Luna Fenner (PA REAL LIFE/COLLECT)

After weighing up both the risk of the CMN one day developing into a cancerous melanoma, and fears that Luna may be targeted by bullies when she gets older, her parents decided to try and find a surgeon who could remove the mark while she is still too young to remember having an operation.

“I'm so worried about her getting bullied and what it would do to her self-esteem," Carol said. “We receive hundreds of messages a day through our Instagram. About 80 per cent of those are from people saying that they have the same condition and have suffered from years of bullying. I don't want my daughter to have to go through that."

Luna Fenner (PA REAL LIFE/COLLECT)

“When we go out, people will stare and point, or bring people over to look at her. It's so horrible," Carol explained. “In the past, we've been asked if she is contagious, and strangers have even called her disgusting. I just can't face Luna having to deal with that kind of thing at school."

After searching across the US, the family found a medic in New York keen to take on the case.

But, because Luna could need five or six surgeries over the next three years, costs could reach $500,000. To help raise cash, their loved ones have set up a GoFundMe page, which has already gathered almost $20,000 worth of donations.

Luna Fenner (PA REAL LIFE/COLLECT)

“We saw many surgeons telling us different things, because what Luna has is so rare. Some would say they need to wait until she's older, and others that it needs doing straight away," Carol said. “Some suggested laser surgery, instead of just removing it, but I've spoken to another mother with a child with marks a lot lighter than Luna's, and she had had 30 laser sessions under general anesthetic and needed another 50. If we have it removed when Luna is 10 years old, it's likely that she would remember it. And the results would not be as good as there would likely be more scarring."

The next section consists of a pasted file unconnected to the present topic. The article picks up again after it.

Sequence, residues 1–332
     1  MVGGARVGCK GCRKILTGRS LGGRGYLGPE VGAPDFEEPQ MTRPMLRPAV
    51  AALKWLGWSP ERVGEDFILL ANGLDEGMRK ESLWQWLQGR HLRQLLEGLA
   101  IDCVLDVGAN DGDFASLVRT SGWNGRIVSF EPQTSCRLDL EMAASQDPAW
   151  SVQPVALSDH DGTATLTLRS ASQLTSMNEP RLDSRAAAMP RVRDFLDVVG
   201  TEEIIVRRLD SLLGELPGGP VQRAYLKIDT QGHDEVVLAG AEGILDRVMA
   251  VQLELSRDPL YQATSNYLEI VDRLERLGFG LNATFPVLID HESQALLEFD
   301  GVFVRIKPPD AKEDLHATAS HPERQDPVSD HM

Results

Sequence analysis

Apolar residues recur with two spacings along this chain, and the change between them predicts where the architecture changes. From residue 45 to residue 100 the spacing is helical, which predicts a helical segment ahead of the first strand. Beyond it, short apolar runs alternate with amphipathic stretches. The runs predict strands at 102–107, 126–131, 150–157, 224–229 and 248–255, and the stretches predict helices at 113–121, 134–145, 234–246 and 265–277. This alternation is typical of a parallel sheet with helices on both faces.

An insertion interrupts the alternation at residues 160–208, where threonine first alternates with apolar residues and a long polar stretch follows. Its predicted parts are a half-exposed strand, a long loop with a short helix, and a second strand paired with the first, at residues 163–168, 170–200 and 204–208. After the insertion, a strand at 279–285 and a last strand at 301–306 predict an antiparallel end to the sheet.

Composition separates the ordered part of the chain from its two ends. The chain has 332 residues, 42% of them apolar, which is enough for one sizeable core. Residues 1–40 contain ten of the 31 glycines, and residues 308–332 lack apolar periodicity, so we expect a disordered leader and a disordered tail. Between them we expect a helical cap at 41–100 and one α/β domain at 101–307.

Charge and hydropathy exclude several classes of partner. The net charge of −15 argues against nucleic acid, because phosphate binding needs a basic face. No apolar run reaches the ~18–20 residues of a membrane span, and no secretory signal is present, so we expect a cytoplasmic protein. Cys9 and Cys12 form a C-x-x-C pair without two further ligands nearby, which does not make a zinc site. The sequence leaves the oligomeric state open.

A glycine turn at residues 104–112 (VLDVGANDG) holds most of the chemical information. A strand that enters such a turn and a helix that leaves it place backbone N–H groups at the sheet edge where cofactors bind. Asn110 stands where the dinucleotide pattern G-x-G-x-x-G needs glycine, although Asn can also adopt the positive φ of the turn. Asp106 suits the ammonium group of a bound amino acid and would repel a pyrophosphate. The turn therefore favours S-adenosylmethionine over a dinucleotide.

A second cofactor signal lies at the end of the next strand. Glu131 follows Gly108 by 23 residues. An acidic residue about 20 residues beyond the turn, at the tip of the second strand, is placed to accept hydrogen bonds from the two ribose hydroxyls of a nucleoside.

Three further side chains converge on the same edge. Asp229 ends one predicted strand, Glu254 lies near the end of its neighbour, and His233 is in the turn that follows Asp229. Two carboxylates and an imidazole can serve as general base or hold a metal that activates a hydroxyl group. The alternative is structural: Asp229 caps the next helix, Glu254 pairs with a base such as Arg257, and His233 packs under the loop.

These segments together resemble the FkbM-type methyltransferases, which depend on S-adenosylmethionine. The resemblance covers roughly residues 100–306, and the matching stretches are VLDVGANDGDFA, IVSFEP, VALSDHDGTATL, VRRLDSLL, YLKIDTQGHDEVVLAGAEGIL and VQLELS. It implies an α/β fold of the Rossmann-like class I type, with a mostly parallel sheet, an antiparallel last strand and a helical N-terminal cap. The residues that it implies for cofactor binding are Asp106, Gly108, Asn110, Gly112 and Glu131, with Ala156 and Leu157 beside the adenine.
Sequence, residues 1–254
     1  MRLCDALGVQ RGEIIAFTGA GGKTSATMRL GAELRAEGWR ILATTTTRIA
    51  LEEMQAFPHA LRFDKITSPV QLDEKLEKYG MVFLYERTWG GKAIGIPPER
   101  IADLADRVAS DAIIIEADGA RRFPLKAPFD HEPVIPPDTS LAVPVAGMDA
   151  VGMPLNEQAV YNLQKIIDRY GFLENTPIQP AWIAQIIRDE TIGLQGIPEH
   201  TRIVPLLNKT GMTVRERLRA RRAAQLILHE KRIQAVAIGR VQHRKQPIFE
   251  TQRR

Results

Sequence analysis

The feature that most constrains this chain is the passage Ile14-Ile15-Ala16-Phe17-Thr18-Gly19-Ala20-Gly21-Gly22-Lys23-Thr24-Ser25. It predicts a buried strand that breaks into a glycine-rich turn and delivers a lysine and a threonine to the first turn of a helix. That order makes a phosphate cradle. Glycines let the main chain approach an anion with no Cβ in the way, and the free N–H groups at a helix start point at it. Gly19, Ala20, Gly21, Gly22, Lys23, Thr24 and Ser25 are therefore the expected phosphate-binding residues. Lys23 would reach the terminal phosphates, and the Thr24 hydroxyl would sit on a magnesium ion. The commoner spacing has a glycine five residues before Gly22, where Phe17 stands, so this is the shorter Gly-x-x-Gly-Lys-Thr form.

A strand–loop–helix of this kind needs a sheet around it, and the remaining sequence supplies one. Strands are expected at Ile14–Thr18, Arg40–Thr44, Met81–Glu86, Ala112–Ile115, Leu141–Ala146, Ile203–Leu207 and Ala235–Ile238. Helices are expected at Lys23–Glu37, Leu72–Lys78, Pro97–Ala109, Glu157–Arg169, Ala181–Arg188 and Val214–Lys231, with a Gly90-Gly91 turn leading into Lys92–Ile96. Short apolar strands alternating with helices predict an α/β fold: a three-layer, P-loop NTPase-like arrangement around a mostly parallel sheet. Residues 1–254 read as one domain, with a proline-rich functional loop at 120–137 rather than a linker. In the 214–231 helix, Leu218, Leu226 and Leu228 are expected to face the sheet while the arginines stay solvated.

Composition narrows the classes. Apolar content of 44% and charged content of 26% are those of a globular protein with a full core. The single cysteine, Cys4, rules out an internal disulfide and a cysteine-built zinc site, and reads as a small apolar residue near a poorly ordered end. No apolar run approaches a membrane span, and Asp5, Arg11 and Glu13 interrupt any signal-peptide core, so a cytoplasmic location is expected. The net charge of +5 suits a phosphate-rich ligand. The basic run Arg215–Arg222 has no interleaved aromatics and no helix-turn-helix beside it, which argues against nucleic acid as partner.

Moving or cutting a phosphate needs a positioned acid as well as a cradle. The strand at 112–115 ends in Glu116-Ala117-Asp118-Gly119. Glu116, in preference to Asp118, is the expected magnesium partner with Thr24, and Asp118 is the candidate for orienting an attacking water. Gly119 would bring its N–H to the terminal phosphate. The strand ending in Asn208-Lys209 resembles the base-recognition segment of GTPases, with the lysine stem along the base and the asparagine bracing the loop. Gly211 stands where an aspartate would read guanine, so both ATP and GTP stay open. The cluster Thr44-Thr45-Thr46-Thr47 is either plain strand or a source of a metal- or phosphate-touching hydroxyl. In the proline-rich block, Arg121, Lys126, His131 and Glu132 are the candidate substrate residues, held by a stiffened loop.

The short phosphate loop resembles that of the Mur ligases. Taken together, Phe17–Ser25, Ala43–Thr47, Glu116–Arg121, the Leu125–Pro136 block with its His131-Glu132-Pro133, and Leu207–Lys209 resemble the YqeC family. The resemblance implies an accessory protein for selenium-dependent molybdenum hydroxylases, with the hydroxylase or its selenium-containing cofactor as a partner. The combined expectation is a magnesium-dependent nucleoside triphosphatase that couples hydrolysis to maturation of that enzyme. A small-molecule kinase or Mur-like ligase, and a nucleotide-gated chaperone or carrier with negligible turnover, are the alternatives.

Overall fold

Luna Fenner (PA REAL LIFE/COLLECT)

For now, Carol continues to raise awareness via her Instagram page, and hopes Luna will take comfort from all the positive messages when she is older.

“I want to show Luna that a lot of people were sending her good vibes, and to show other people difference and what beauty looks like," she said. “To us, Luna will always be beautiful and we tell her all the time."

Luna Fenner and mum Carol (PA REAL LIFE/COLLECT)

“She is such a calm baby, she never cries and she's really happy. She smiles all the time," she added. “She is like any other baby but we do need to avoid the sun. It's really important to protect the mark using lots of sunblock and avoiding being directly in the sun. We're in this situation now where we really don't know if we're going to get the surgery. But I will keep trying. I want Luna to know when she's older that I'm doing everything I can to help her."

Luna Fenner in the womb (PA REAL LIFE/COLLECT)

Dr. Barry Zide, professor of plastic surgery at NYU Langone Health in New York explained Luna may need five or six operations starting immediately. He said the procedure would involve placing tissue expanders to try and promote the growth of healthy skin, removing the majority of the nevus starting with the cheeks and forehead and using skin grafts to complete the procedure.

“The chances of malignancy here are very low but the key is to get this off with minimal complications before Luna starts school," Dr. Zide added.

Luna Fenner (PA REAL LIFE/COLLECT)

“This child has a great chance to look very well if the procedures are performed with a planned approach," he added.

To donate click here and you can follow Luna on Instagram @luna.love.hope